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My point here is that the very nature of the work required of a picking-up dog means that, left unchecked, some will become independent and 'go rogue'. Having had one that did just this, I now think it's really important to ensure your dogs are schooled to a high standard before you start picking-up and, just as importantly, to stay on top of the dog's obedience.
Quite simply, the more early training you do, the more versatile and obedient the dog is likely to be. With spaniels, my choice is to train them as if you were producing a highly trained rough shooting or Trialling dog and then develop the dog from there. I totally understand that initially this might mean that the dog takes in less ground than you might wish, but in my experience, get them out on a shoot day, lay off the whistle and they'll very soon open up. The important thing here is that you will be starting the dog's shooting career with a high standard of obedience, which will give you the control you need.
With retrievers, I'd recommend you train them as you would any retriever but add in the kind of hunting training that you would use on a spaniel. Taught properly, retrievers are great hunters, although most will not be quite as good as a spaniel… that's subjective and almost certainly controversial I know; I am generalising!
Keep them close
Assuming you've done your training properly, the secret to picking-up is no secret at all - you just need to ensure you keep the dog hunting close to you. So what exactly do I mean by close? There are no set parameters and you will need to make decisions based on the type of ground and cover you are working on. The level of control that you have will obviously be influential, but you must be able to see the dog and what it's doing.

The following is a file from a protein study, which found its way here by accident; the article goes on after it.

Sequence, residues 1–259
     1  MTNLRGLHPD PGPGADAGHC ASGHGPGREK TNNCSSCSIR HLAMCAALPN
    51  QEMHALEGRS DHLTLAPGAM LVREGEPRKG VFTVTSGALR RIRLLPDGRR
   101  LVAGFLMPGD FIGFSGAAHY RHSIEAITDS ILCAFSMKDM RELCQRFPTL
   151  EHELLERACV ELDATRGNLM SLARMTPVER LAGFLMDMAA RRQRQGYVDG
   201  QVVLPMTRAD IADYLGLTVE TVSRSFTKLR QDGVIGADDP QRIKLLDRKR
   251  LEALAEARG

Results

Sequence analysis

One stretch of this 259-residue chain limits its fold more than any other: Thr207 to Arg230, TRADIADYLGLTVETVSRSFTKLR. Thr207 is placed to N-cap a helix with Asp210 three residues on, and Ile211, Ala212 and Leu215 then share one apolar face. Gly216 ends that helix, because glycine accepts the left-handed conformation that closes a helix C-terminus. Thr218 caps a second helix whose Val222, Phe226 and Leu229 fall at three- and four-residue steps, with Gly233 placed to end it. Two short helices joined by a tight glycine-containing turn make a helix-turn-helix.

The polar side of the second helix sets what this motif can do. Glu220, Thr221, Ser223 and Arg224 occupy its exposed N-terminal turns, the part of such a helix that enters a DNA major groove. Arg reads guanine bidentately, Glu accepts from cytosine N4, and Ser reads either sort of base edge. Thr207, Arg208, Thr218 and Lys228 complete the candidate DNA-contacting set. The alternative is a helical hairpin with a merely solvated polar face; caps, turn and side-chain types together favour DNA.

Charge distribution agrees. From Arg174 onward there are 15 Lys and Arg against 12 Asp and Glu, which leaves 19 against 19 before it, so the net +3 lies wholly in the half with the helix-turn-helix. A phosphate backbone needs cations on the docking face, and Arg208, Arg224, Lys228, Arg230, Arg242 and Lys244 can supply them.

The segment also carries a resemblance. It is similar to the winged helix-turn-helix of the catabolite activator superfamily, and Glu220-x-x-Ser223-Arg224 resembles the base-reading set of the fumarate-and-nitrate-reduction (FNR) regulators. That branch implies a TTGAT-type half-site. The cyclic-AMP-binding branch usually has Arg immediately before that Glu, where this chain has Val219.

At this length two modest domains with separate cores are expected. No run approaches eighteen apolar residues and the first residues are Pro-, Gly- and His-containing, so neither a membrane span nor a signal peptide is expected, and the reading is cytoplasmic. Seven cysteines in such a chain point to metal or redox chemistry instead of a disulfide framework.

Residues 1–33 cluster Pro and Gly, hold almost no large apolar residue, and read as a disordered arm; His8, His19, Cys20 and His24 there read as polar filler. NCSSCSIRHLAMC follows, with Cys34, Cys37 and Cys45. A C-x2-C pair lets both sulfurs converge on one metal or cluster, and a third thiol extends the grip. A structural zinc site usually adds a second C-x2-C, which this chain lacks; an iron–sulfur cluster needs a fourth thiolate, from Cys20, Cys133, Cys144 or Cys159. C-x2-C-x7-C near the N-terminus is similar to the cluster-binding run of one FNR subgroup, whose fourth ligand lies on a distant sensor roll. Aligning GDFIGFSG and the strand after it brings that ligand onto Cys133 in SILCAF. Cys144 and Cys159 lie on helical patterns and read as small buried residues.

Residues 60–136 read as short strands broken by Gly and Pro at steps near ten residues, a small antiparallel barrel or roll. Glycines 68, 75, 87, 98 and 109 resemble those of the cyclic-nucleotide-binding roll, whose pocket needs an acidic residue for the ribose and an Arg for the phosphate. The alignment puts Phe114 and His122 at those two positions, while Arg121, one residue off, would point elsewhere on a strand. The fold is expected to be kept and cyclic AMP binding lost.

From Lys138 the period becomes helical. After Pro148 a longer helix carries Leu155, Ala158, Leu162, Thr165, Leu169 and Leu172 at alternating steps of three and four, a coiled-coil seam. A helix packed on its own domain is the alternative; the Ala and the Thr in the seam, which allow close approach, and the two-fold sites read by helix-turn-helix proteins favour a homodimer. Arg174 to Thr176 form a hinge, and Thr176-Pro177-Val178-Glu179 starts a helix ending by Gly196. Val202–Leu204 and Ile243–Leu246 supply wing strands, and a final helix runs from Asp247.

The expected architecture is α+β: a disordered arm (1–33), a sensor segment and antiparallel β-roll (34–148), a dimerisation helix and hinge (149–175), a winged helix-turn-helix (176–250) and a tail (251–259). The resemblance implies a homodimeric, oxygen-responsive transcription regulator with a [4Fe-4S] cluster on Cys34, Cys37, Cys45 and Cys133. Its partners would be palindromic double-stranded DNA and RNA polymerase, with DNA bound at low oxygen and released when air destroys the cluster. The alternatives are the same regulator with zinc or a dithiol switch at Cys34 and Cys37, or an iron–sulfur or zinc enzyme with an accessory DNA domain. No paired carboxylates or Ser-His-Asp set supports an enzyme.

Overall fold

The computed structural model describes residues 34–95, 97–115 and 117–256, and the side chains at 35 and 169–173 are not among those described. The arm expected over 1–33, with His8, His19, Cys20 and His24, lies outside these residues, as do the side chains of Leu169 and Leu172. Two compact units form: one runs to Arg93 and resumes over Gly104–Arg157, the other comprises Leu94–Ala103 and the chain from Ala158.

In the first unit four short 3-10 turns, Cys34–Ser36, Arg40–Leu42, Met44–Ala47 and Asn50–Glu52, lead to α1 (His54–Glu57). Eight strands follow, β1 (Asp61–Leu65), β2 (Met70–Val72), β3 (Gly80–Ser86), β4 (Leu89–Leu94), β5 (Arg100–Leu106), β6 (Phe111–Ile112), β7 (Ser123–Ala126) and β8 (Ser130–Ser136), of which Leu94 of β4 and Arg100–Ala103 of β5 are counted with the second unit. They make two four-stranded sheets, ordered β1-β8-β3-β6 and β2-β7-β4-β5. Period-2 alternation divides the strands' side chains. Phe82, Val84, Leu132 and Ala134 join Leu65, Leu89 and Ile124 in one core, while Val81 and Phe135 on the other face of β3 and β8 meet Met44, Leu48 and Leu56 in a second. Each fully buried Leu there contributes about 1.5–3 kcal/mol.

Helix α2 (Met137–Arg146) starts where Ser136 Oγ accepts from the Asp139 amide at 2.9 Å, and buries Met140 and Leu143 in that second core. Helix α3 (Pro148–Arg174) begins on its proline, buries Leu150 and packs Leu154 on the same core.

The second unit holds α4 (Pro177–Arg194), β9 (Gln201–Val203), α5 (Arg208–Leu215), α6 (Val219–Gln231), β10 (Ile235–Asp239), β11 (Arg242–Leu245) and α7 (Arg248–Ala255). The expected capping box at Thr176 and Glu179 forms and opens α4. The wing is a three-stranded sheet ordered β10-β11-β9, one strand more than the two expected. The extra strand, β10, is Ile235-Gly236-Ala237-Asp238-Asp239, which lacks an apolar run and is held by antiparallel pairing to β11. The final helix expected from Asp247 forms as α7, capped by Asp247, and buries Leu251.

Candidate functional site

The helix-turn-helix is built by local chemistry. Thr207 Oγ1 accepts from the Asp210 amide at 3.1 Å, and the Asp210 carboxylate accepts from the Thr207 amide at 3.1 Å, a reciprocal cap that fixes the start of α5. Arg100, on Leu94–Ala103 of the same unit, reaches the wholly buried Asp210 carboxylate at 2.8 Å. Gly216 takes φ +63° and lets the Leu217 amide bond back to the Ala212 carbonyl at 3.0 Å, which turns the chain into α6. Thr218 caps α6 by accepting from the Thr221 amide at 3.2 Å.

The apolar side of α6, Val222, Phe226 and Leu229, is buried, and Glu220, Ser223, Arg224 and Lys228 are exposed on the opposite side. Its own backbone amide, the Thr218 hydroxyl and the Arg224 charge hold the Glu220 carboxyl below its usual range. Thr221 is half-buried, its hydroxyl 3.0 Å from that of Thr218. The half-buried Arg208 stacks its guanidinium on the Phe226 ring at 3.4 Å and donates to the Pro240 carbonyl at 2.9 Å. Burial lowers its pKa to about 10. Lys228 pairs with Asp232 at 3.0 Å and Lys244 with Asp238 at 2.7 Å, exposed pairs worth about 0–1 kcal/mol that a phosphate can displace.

Schooling the dog to hunt close is best done from the start, in early training, in puppyhood. If done correctly, you will encourage your dog to understand that hunting with power and enthusiasm across the front of you is a strategy that brings them rewards.
The term that covers this behaviour is 'quartering'. We've discussed this before and when training for the pure hunting objectives of each working group, the width of a hunting pattern is massively different between a spaniel and an HPR. If we are intending to use our dog primarily as a picking-up dog, we will need to school the dog to understand that it can adjust the width of its pattern to whatever width it chooses, just as long as it is obedient to the turn whistle.
In training, make it your business to keep changing direction, about turn, and to ensure that, irrespective of which direction you go, the dog will find a dummy if it keeps with you. Keep stopping and encourage the dog just to sit still and relax a little. Some will start to get overexcited and, if allowed, will start to pull you forward.
Inexperienced handlers start to follow a dog; this is likely to lead to missing ground and possibly shot game. But go too slow and you will force the dog to double hunt - this is likely to frustrate a dog and may lead to unwanted issues. The ground and cover will dictate the rate at which you move forward.
As I read this article back, it makes me realise just what a top level dog and handler partnership are doing when working in the shooting field. If it looks smooth, calm and thorough you're probably watching one. Study them, watch, listen and be impressed. It's a skill, a real art. Not everyone can do it. Don't let that hold you back. Keeeep training!!!